6. Additional evidence for a dual-strategy model of reasoning: Probabilistic reasoning is more invariant than reasoning about logical validity.

    PubMed

    Markovits, Henry; Brisson, Janie; de Chantal, Pier-Luc

    2015-11-01

    One of the major debates concerning the nature of inferential reasoning is between counterexample-based strategies such as mental model theory and the statistical strategies underlying probabilistic models. The dual-strategy model proposed by Verschueren, Schaeken, and d'Ydewalle (2005a, 2005b) suggests that people might have access to both kinds of strategies. One of the postulates of this approach is that statistical strategies correspond to low-cost, intuitive modes of evaluation, whereas counterexample strategies are higher-cost and more variable in use. We examined this hypothesis by using a deductive-updating paradigm. The results of Study 1 showed that individual differences in strategy use predict different levels of deductive updating on inferences about logical validity. Study 2 demonstrated no such variation when explicitly probabilistic inferences were examined. Study 3 showed that presenting updating problems with probabilistic inferences modified performance on subsequent problems using logical validity, whereas the opposite was not true. These results provide clear evidence that the processes used to make probabilistic inferences are less subject to variation than those used to make inferences of logical validity. PMID:26148720

  7. Stimulus modality and working memory performance in Greek children with reading disabilities: additional evidence for the pictorial superiority hypothesis.

    PubMed

    Constantinidou, Fofi; Evripidou, Christiana

    2012-01-01

    This study investigated the effects of stimulus presentation modality on working memory performance in children with reading disabilities (RD) and in typically developing children (TDC), all native speakers of Greek. It was hypothesized that the visual presentation of common objects would result in improved learning and recall performance as compared to the auditory presentation of stimuli. Twenty children, ages 10-12, diagnosed with RD were matched to 20 TDC age peers. The experimental tasks implemented a multitrial verbal learning paradigm incorporating three modalities: auditory, visual, and auditory plus visual. Significant group differences were noted on language, verbal and nonverbal memory, and measures of executive abilities. A mixed-model MANOVA indicated that children with RD had a slower learning curve and recalled fewer words than TDC across experimental modalities. Both groups of participants benefited from the visual presentation of objects; however, children with RD showed the greatest gains during this condition. In conclusion, working memory for common verbal items is impaired in children with RD; however, performance can be facilitated, and learning efficiency maximized, when information is presented visually. The results provide further evidence for the pictorial superiority hypothesis and the theory that pictorial presentation of verbal stimuli is adequate for dual coding. PMID:21942734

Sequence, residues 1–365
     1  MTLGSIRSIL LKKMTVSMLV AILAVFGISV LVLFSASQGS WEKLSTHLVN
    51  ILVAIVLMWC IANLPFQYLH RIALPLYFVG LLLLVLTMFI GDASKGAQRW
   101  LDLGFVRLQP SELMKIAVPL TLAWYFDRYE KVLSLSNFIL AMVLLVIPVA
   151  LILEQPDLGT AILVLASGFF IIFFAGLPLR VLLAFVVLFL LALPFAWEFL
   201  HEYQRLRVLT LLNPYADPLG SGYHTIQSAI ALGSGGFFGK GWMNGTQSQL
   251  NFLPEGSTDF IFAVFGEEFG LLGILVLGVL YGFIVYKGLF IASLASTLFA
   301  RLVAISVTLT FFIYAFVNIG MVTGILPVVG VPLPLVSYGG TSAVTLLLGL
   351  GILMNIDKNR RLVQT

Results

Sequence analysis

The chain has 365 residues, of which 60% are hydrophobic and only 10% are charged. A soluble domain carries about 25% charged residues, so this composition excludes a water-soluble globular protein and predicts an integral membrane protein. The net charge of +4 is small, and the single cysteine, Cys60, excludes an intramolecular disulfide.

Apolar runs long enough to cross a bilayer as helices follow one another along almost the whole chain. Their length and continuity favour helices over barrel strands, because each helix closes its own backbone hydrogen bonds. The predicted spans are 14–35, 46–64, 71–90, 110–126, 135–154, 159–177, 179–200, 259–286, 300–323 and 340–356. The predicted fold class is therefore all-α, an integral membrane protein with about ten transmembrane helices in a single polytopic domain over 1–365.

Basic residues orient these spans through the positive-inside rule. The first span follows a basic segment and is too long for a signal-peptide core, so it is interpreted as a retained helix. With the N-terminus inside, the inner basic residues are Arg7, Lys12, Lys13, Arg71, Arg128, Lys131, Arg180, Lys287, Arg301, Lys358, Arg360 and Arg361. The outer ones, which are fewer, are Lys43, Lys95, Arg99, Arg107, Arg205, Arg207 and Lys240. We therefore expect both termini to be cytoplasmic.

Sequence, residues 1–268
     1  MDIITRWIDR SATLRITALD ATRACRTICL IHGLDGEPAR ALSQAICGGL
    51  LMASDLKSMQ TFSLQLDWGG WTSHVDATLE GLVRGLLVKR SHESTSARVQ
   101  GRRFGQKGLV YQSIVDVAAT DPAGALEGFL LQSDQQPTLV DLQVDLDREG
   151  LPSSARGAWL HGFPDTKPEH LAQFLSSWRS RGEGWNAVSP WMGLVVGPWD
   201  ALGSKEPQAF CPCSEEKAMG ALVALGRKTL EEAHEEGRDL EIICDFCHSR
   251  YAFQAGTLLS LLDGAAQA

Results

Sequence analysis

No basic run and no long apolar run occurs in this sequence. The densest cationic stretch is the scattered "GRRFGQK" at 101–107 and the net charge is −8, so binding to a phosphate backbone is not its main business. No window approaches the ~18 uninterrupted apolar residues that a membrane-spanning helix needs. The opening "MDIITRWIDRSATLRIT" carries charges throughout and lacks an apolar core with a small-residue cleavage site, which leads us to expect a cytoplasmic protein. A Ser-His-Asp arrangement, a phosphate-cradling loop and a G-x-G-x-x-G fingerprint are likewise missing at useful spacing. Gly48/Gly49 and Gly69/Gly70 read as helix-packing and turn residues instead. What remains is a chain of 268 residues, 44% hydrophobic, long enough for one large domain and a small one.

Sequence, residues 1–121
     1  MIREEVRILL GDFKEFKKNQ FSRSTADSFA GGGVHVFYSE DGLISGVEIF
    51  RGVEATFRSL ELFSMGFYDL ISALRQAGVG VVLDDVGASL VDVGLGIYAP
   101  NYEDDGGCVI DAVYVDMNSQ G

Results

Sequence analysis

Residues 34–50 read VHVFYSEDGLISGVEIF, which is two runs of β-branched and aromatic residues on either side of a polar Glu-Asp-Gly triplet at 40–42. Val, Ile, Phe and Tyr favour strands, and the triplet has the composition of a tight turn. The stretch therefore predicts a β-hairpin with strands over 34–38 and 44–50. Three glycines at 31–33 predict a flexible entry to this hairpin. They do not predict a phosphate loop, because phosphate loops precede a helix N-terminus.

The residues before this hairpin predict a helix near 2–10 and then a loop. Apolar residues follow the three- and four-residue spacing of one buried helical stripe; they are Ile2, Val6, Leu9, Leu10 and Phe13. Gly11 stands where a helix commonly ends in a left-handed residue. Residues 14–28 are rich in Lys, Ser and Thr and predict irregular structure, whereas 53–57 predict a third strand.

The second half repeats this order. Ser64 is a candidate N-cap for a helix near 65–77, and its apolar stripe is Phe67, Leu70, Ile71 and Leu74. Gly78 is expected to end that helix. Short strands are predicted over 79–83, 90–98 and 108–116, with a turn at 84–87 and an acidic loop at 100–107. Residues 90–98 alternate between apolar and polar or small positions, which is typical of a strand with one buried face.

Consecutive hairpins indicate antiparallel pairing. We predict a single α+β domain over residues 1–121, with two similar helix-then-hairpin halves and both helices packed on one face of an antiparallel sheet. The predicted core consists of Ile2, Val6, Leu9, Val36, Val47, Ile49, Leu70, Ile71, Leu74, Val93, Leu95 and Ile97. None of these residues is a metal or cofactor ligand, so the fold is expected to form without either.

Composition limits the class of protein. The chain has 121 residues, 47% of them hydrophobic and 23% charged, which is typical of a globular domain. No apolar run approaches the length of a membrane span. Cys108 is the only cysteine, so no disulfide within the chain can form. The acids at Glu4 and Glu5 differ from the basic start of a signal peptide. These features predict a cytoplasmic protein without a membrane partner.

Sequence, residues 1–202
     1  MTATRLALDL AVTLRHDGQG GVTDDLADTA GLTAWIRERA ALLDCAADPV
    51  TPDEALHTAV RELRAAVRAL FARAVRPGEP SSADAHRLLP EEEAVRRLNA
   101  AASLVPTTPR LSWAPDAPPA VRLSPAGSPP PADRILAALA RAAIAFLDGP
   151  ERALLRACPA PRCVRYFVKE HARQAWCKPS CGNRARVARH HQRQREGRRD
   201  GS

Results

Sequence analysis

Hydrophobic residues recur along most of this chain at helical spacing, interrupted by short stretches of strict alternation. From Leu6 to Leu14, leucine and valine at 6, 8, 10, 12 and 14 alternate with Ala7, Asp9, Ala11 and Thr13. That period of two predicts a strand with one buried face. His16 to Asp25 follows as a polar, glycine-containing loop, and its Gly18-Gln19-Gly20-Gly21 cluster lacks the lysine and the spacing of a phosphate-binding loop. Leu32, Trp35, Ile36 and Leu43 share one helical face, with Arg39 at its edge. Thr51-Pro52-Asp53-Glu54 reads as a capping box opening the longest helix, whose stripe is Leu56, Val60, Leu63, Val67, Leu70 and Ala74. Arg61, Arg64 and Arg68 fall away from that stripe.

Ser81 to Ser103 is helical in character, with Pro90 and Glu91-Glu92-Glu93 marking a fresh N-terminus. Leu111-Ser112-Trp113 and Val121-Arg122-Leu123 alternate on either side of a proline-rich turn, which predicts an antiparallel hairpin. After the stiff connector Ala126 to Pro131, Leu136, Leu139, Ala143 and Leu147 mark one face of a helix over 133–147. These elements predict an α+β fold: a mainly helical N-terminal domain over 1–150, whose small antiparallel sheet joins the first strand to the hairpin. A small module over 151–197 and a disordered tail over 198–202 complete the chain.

8. An Estrogen Receptor-α Knock-In Mutation Provides Evidence of Ligand-Independent Signaling and Allows Modulation of Ligand-Induced Pathways in Vivo

    PubMed Central

    Sinkevicius, Kerstin W.; Burdette, Joanna E.; Woloszyn, Karolina; Hewitt, Sylvia C.; Hamilton, Katherine; Sugg, Sonia L.; Temple, Karla A.; Wondisford, Fredric E.; Korach, Kenneth S.; Woodruff, Teresa K.; Greene, Geoffrey L.

    2008-01-01